If you want to learn to live a Spirit-led life, there is no way around it—you have to deal with your flesh. The flesh wants control, so you must mortify or defeat the flesh and allow the Holy Spirit to have His way. The struggle may seem great, but it’s the only way to live a supernatural Christian life!

Make it your goal to learn how to discern the Holy Spirit’s leading. Become His constant “tag-along,” watching to see what He’s doing, where He’s going, and how He’s leading. Stay sensitive to Him so you can pick up His “nudge” in your heart. Then once you know what He wants you to do, just fall in step behind Him and “follow the Leader”!


Lord, I want to learn how to follow the leading of the Holy Spirit. I know that You sent Him to be a Leader and a Guide for my life, so today I open my heart to Him. I ask You to help me learn to recognize the Holy Spirit’s voice and to know what He is leading me to do. With all my heart, I request that You help me become sensitive to Him so that He can lead me in all the paths You have designed for my life.

I pray this in Jesus’ name!


I confess that I am spiritually sensitive and that the Holy Spirit is actively leading my life. I am His constant tag-along—watching what He’s doing, where He’s going, and how He’s leading. I am so sensitive to the Holy Spirit’s leading that I pick up every “nudge” He puts in my heart. He is my Leader, and I faithfully follow wherever He leads me to go.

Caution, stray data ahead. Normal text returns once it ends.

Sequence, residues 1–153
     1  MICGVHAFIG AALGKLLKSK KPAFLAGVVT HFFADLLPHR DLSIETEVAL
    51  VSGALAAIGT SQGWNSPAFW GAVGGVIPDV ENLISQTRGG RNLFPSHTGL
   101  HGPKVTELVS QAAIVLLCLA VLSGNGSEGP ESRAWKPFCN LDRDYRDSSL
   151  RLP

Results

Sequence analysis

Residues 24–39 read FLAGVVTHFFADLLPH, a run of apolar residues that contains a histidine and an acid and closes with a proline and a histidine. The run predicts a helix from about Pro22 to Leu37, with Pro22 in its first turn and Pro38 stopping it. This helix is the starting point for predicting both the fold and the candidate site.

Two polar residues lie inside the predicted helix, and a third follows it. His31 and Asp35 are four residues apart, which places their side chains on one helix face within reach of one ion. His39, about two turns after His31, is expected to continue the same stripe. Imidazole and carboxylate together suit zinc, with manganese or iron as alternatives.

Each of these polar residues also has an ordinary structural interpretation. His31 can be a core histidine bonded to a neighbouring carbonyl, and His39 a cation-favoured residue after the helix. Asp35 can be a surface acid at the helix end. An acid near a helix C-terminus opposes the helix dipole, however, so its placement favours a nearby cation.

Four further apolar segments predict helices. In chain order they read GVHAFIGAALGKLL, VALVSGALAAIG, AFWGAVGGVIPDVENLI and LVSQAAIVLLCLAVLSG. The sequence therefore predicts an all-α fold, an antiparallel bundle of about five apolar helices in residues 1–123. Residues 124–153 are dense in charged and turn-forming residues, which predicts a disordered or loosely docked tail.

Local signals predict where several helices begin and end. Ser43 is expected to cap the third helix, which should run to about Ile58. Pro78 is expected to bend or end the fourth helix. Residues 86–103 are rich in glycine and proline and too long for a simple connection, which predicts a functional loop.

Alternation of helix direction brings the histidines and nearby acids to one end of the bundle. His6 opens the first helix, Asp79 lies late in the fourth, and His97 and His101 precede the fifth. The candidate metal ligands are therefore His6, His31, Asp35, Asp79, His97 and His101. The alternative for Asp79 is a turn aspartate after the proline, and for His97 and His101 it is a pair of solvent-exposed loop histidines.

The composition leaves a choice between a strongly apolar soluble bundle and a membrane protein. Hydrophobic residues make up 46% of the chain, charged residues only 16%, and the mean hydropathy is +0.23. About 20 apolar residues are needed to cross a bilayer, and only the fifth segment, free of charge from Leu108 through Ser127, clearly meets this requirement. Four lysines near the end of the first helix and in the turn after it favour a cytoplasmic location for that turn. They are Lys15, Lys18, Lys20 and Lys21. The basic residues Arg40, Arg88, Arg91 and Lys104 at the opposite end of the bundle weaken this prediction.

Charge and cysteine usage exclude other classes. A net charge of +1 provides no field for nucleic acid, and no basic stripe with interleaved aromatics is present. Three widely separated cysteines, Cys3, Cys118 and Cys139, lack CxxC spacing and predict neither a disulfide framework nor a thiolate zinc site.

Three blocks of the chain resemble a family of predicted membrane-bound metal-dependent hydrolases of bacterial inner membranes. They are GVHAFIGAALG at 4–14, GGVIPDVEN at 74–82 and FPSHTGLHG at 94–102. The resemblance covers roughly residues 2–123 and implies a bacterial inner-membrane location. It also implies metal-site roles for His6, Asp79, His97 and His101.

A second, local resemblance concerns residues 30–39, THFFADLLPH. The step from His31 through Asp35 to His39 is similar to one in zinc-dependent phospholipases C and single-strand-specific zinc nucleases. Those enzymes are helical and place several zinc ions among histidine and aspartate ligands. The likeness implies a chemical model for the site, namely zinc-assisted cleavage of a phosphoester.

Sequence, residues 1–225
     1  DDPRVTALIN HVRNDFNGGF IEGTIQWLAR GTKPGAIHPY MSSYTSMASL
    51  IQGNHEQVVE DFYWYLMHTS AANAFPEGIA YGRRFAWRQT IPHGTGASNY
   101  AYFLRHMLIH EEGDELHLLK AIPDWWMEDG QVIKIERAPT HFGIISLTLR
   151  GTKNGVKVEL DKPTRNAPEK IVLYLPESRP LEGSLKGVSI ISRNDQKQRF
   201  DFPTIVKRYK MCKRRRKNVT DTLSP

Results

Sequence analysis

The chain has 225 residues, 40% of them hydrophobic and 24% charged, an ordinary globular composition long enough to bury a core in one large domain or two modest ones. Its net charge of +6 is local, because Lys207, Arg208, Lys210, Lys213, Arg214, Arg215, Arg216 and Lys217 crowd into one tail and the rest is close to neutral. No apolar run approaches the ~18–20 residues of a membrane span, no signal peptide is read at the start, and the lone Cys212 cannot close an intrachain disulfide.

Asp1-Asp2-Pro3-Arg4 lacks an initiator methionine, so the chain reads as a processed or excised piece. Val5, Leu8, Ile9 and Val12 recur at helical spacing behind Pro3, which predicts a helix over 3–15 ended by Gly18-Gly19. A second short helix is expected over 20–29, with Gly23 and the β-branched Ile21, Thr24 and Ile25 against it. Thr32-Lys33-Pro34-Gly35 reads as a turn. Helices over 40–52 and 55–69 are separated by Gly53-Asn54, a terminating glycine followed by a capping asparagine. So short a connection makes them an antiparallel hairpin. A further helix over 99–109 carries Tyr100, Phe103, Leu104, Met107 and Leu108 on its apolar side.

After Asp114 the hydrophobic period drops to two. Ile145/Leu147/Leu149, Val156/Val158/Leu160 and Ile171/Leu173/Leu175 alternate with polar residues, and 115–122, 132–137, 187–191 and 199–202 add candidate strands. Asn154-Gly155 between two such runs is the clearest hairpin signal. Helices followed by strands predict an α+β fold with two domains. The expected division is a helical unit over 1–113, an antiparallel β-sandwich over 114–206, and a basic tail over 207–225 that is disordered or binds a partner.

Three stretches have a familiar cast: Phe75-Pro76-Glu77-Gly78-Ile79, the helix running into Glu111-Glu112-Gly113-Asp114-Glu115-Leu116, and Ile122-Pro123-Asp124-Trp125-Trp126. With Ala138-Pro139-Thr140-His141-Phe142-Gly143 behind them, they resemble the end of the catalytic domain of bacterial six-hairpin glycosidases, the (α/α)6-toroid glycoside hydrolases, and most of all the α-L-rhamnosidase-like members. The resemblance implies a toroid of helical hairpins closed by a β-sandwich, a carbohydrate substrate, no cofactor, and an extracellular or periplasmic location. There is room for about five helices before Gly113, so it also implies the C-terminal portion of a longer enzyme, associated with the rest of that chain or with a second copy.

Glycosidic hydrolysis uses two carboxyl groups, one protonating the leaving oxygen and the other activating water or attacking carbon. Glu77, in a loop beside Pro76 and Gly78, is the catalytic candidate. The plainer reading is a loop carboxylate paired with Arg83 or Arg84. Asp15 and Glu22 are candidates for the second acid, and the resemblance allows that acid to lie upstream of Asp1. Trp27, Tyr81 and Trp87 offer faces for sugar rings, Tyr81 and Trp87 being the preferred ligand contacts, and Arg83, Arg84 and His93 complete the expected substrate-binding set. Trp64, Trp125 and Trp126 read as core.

I declare this by faith in Jesus’ name!


  1. Can you recall times in the past when you emphatically knew that the Holy Spirit was supernaturally leading you to do something?
  2. What were you doing at that time in your spiritual life that made it easier for you to recognize and follow the leading of the Holy Spirit?
  3. In order for you to be consistently led by the Holy Spirit, what actions do you need to take to keep yourself sensitive enough to hear His voice and to discern His leading?


Just How Well Do You Know God?

While most of us possess encyclopedic knowledge about God, how many of us give evidence of true intimacy with God in the daily crucible of our market place existence? For example:


His power is at work in their lives over:

  • Sin: “The Spirit of life in Christ Jesus has set you free from the law of sin and of death.” (Romans 8:2)
  • Circumstances: “But in all these things we overwhelmingly conquer through Him who loved us.” (Romans 8:37)


It is because they accept His sovereignty in the superintending of His universe that they can rest:

I am God, and there is no one like Me, declaring the end from the beginningsaying, My purpose will be established, and I will accomplish all My good pleasure.‘” (Isaiah 46:9, 10)

Rest in the Lord and wait patiently for Him… ” (Psalm 37:7)


While chained to a prison wall, and awaiting execution, Paul writes, “Rejoice in the Lord, and again I say to you, Rejoice!I have learned to be content whatever the circumstances may be… ” (Philippians 4:4, 11; nas and Phillips Translation)

Shoe leather Christianity evidences itself in the crucible of daily living through energy, rest, and contentment. Tell me, JUST HOW WELL DO YOU KNOW GOD?